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Frederick Taylor-scientific management in organization -Scientific management method is called for optimizing the way that tasks were

performed and and simplifying the jobs enough so that the workers could be trained to perform their specialized sequence of motions in one of the best way. -the application of scientific method to the management of the workers greatly could improve productivity. Henry Fayol-general management theory
Principles of Management

1.

Division of work. This principle is the same as Adam Smith's 'division of labour'. Specialisation increases output by making employees more efficient.

2.

Authority. Managers must be able to give orders. Authority gives them this right. Note that responsibility arises wherever authority is exercised.

3.

Discipline. Employees must obey and respect the rules that govern the organisation. Good discipline is the result of effective leadership, a clear understanding between management and workers regarding the organisation's rules, and the judicious use of penalties for infractions of the rules.

4. 5.

Unity of command. Every employee should receive orders from only one superior. Unity of direction. Each group of organisational activities that have the same objective should be directed by one manager using one plan.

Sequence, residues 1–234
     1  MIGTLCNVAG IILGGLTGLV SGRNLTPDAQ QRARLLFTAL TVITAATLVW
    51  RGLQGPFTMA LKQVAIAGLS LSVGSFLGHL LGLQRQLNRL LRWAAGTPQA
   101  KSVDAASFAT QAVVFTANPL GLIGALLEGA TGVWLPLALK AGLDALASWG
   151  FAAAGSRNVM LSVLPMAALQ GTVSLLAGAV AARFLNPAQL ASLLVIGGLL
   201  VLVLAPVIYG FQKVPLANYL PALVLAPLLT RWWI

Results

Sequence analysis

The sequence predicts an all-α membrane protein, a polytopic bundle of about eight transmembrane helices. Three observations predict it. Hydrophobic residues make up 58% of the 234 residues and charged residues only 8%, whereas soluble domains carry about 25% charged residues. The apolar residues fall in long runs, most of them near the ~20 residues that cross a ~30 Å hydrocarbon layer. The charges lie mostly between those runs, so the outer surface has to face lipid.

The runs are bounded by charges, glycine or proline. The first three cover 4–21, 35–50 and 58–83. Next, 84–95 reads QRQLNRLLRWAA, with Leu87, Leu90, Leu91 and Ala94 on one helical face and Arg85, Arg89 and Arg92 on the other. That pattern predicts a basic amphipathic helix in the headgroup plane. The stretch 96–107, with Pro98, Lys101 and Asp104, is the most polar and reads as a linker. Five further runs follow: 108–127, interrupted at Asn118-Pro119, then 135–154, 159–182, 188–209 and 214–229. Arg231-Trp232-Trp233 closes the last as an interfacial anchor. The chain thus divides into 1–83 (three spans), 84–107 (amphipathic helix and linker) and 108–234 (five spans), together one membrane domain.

6.

Subordination of individual interests to the general interest. The interests of any one employee or group of employees should not take precedence over the interests of the organisation as a whole.

7. 8.

Remuneration. Workers must be paid a fair wage for their services. Centralisation. Centralisation refers to the degree to which subordinates are involved in decision making. Whether decision making is centralised (to management) or decentralised (to subordinates) is a question of proper proportion. The task is to find the optimum degree of centralisation for each situation.

9.

Scalar chain. The line of authority from top management to the lowest ranks represents the scalar chain. Communications should follow this chain. However, if following the chain creates delays, cross-communications can be allowed if agreed to by all parties and superiors are kept informed.

10. Order. People and materials should be in the right place at the right time. 11. Equity. Managers should be kind and fair to their subordinates. 12. Stability of tenure of personnel. High employee turnover is inefficient. Management should provide orderly personnel planning and ensure that replacements are available to fill vacancies. 13. Initiative. Employees who are allowed to originate and carry out plans will exert high levels of effort. 14. Esprit de corps. Promoting team spirit will build harmony and unity within the organisation.

Max Weber- Bureaucratic form of organization -As a German academic, Weber was primarily interested in the reasons behind the employees actions and in why people
who work in an organization accept the authority of their superiors and comply with the rules of the organization.

The Key Characteristics of a Bureaucracy